SignalR Hub Authorization


December 21, 2012

I set about making use of the new hub authorization feature in SignalR 1.0 today. It was a bit difficult to obtain answers about what it actually does and how it works, so I studied the revision that introduced this feature, wrote some test code of my own, and thought I would post my findings. This applies to the current version of SignalR as of this post, which is 1.0 RC1.

Some important Hub Authorization bullet-points:

Implementing your own authorizers

If you don’t like the UserAuthorized method that is the heart of the [Authorize] attribute, you can write your own authorizers. To do this, create a class that implements at least one of Microsoft.AspNet.SignalR.Hubs.IAuthorizeHubConnection or Microsoft.AspNet.SignalR.Hubs.IAuthorizeHubMethodInvocation. The parameters to these interface’s methods are very sensible and provide all sorts of information you might want in making an authorization decision - hub, method, user, cookies, and many others. If you want to apply your authorizer to hubs or hub methods by decorating them in code, you’ll of course need to subclass Attribute too. Here’s a class declaration that does all three of these things to get you started:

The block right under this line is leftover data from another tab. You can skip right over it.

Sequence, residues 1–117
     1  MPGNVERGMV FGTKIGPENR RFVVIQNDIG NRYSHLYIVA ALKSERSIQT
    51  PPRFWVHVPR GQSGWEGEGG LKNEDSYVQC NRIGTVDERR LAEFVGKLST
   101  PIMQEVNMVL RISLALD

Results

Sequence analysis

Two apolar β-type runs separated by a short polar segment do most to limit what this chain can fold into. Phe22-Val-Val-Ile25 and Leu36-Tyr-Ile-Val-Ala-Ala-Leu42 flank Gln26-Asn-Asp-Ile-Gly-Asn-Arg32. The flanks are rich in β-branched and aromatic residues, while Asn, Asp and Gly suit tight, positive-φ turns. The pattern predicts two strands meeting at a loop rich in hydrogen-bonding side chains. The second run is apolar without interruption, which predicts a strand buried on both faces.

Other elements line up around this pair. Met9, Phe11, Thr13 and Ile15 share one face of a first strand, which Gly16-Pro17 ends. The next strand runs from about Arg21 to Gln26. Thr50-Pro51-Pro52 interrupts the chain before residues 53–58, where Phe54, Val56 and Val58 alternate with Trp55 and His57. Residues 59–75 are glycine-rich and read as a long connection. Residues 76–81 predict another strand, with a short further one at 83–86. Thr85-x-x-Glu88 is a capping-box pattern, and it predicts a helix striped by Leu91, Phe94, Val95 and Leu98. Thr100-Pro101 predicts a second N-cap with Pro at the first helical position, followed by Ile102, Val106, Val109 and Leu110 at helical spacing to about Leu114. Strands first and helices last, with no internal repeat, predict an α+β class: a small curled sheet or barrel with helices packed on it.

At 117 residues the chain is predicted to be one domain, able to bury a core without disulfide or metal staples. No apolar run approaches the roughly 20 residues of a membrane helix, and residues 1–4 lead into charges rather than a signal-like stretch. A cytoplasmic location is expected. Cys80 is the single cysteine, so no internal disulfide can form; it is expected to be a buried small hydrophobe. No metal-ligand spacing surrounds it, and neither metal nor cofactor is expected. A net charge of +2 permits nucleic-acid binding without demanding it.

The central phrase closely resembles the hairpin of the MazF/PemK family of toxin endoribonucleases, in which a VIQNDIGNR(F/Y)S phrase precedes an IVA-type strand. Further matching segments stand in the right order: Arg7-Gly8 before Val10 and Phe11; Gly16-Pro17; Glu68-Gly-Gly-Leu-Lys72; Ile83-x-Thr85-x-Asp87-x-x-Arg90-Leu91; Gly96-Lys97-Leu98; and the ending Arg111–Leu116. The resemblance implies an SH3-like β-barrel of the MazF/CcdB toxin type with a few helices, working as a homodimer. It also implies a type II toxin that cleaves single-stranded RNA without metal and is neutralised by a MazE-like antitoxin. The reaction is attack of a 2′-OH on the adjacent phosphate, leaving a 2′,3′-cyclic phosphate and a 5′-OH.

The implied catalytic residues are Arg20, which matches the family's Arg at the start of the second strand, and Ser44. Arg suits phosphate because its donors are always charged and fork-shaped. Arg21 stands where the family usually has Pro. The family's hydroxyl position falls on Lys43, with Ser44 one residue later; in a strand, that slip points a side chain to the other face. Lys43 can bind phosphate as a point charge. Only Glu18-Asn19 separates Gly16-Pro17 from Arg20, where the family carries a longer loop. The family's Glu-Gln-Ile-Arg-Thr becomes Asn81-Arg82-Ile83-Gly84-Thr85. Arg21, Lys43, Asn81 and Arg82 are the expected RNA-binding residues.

[AttributeUsage(AttributeTargets.Class | AttributeTargets.Method, Inherited = true, AllowMultiple = true)]
public class CustomAuthorizeAttribute : Attribute, IAuthorizeHubConnection, IAuthorizeHubMethodInvocation

Applying your own authorizers to all hubs and method invocations

var globalAuthorizer = new CustomAuthorizeAttribute();
GlobalHost.HubPipeline.AddModule(new AuthorizeModule(globalAuthorizer, globalAuthorizer));

Again, this should be called in your application startup code before creating your hub routing (MapHubs()).